The University of Washington found that higher levels of air pollution have a greater impact on mental health. Air pollution is associated with behavior changes because people spend less time outside which creates a more sedentary lifestyle. This lifestyle can be related to social isolation or distress.In 2016, there was an environmental research review that concluded even though more research is needed exposure to air pollution has an increased risk of autism.

Rush University Medical Center researchers studied the cognitive (the brain processes such as remembering, reasoning, and thinking) effects of air pollution. The most dangerous kind of air pollution is fine particulate matter because it is smaller, found in motor vehicle exhaust, along with the public transportation exhaust such as buses and trains. Smaller particles infiltrate the body which gets into the lungs then into the blood system. When this matter is inhaled, attaches to the nerve endings in the nasal cavities, then it travels to the brain.

These are things we can do to help control or prevent air pollution: reduce car usage; keep your vehicles well-maintained which reduces harmful exhaust emissions; avoid burning candles, at home; say no to plastic or reduce, recycle, reuse; plant more trees and grass to limit bare soil areas which reduces dust in the air; and quit smoking.

Alcohol Awareness Month

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Alcohol Awareness Month

April is Alcohol Awareness Month. This is a disease that is not pinpointed by factors like sex, race, genetics, or socioeconomics as a single case but behavioral, psychological and genetic factors can contribute to having this disease. Alcoholism changes the neurochemistry and brain, which is why a person with this addiction may not be able in control of their actions. The severity of alcohol addiction varies from person to person. There are some people that drink heavily all day and there are others that will stay sober for a while the binge drink.

There are many different factors that can increase the risk of a person turning to alcohol and eventually developing a dependency on alcohol. They can range from:

Relieving Stress: As a sedative and depressant, alcohol produces feelings of pleasure but this can also build a tolerance requiring the need to consume more alcohol for the same amount of pleasure.

Trauma: Some people treat unresolved trauma through excessive drinking.

Lack of Connection: Some people feel alcohol will make it easier to forge new bonds or feel the void of feeling inadequately connected to others.

Coping with Loss: Depending on alcohol some people feel that it can help ease their grief in difficult times but even if it’s temporary it can spiral into a drinking problem.

Some of the more common warning signs of alcoholism include: not being able to control their alcohol consumption; spending a lot of money on alcohol; craving to drink alcohol even when the person is not drinking; having the need to keep drinking more; personal responsibilities being ignored to drink alcohol more; and acting differently after drinking.One of the biggest decisions someone with an alcohol addiction will face is deciding to seek help. The 3 phrases Alcohol treatment is broken into detoxification (this should be completed by professionals), rehabilitation (this can be either inpatient rehab or outpatient rehab), and maintenance (this could include counseling, support groups, or recovery resources).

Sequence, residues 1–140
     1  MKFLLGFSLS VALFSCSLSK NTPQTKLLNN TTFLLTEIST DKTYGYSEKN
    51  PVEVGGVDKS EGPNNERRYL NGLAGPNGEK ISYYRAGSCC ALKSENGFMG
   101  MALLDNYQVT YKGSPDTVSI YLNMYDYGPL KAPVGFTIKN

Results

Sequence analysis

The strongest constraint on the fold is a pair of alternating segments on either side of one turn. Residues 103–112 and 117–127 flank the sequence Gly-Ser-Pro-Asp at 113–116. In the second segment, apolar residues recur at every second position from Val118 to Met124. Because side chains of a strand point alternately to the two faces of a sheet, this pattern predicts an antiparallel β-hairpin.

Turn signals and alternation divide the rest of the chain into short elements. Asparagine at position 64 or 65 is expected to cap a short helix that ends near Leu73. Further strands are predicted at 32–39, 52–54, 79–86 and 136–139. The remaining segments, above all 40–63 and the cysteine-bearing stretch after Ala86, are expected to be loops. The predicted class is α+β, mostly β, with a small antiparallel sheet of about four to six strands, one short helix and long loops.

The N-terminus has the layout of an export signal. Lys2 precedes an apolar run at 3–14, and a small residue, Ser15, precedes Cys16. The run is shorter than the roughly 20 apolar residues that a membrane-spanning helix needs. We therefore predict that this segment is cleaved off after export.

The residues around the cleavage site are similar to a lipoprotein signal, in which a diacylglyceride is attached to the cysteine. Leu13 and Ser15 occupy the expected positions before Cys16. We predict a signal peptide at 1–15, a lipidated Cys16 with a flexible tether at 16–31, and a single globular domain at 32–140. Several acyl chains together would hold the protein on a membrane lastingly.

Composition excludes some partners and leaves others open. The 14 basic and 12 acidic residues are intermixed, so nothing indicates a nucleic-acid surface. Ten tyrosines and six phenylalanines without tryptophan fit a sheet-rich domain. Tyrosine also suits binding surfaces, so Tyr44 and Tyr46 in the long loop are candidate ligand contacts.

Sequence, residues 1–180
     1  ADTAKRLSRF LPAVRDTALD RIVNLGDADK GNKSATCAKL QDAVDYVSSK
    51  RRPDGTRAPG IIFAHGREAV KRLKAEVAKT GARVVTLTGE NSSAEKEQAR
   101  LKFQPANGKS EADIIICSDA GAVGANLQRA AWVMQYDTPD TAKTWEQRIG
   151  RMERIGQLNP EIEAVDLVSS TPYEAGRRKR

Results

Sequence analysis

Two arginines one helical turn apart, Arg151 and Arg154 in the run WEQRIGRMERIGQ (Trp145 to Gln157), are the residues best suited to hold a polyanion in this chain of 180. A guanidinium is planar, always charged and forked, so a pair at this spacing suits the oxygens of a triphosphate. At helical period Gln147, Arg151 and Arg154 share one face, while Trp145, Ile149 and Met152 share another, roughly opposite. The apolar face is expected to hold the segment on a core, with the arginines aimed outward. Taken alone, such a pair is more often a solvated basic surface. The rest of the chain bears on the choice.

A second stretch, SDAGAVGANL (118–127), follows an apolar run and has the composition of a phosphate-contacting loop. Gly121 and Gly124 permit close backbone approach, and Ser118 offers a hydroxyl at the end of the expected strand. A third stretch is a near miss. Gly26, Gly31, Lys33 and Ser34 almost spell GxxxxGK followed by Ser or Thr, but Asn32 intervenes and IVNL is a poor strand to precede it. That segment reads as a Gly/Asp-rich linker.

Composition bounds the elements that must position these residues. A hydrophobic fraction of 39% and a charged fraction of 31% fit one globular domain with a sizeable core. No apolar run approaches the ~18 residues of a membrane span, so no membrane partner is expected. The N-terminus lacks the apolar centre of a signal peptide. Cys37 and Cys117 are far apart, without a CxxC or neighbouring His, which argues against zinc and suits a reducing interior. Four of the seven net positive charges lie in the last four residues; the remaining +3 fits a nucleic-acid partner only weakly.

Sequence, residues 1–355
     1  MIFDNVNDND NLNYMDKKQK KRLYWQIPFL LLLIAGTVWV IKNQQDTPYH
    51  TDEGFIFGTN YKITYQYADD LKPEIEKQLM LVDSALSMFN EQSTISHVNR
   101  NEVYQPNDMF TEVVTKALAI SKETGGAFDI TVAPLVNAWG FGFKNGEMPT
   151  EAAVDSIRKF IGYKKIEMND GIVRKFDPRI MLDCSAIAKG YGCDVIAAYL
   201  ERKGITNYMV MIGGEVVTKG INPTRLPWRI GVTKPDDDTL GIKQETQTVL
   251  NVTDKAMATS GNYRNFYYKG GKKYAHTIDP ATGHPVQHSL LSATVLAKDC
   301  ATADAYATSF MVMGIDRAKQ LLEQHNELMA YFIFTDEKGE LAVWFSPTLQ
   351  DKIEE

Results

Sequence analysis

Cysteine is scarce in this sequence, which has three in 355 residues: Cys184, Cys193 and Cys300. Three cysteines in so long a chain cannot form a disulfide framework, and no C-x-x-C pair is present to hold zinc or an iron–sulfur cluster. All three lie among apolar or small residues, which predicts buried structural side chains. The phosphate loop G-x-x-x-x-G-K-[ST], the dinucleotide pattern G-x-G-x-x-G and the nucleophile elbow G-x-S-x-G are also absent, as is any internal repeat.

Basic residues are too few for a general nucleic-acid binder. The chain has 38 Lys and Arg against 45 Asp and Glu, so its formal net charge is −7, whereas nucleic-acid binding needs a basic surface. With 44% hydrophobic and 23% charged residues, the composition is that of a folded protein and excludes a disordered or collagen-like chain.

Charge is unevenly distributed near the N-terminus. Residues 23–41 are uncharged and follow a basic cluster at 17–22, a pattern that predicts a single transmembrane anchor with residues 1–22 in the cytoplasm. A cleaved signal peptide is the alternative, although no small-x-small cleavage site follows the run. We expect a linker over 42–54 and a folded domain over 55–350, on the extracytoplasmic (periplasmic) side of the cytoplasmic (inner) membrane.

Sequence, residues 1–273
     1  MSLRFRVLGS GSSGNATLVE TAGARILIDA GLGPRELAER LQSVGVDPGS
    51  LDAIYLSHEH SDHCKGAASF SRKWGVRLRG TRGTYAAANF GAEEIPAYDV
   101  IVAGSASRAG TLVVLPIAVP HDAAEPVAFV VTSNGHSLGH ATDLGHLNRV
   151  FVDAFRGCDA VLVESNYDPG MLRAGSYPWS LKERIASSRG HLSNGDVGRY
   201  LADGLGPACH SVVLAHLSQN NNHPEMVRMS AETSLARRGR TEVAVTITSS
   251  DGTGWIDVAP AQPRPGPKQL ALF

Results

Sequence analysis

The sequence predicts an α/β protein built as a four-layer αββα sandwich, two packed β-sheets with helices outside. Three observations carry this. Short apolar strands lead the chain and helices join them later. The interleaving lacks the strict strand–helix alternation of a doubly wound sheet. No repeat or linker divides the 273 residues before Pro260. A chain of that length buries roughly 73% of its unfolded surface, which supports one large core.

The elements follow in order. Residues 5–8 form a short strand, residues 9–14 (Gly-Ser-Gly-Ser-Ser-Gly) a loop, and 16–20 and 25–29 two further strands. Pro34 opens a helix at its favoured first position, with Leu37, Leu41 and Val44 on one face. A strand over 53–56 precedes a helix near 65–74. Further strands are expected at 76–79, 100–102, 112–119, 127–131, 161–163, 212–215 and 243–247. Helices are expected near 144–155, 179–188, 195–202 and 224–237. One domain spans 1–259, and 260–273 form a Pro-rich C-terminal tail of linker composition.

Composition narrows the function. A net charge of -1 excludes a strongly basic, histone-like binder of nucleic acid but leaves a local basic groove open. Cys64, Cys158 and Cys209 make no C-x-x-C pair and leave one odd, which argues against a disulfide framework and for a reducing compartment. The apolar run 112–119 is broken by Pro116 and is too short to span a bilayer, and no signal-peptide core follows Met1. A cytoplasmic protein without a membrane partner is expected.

Brain Injury Awareness Month

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Brain Injury Awareness Month

March is Brain Injury Awareness Month and the campaign theme is #Change Your Mind. The campaign is helping to raise awareness and de-stigmatizing brain injury through outreach within the brain community, promoting the different types of available support for people living with a brain injury, and empowering the survivors of brain injury and their caregivers.

Every 9 seconds someone sustains a brain injury in the United States, which makes up more than 3.5 million children and adults. An acquired brain injury (ABI) is not induced by birth trauma, congenital, hereditary, or is not degenerative and is most often associated with pressure on the brain. A traumatic brain injury (TBI) is caused by an external force which damages the skull or causes the brain to move inside the skull.

The typical causes of acquired brain injury are: poisoning or exposure to toxic substances, infection, strangulation, choking, drowning, tumors, heart attacks, strokes, abuse of illegal drugs, neurological illnesses, and aneurysms.

The typical causes of traumatic brain injury are: car accidents, blows to the head, sports injuries, accidents or falls, and physical violence.

Some physical symptoms of brain damage could include persistent headaches, tremors, extreme mental and physical fatigue, sensitivity to light, paralysis, slurred speech, sleep disorders, and loss of consciousness.

Some emotional and behavioral symptoms could include reduced tolerance for stress, sluggishness, denial of disability, increased aggressiveness, flattened or heightened emotions or reactions, and irritability and impatience.

Some ways to possibly reduce the risk of brain damage is: never shake a child, install window guards to keep young children from falling out of open windows, wear helmets while cycling or during sports, install shock-absorbing material on playgrounds, if you have a gun keep it unloaded and locked away, wear seatbelts in cars, drive safely, install and use handrails on stairways, don’t use illegal drugs, drink alcohol in moderation but never drink alone and avoid falls by using a stepstool when reaching for high items.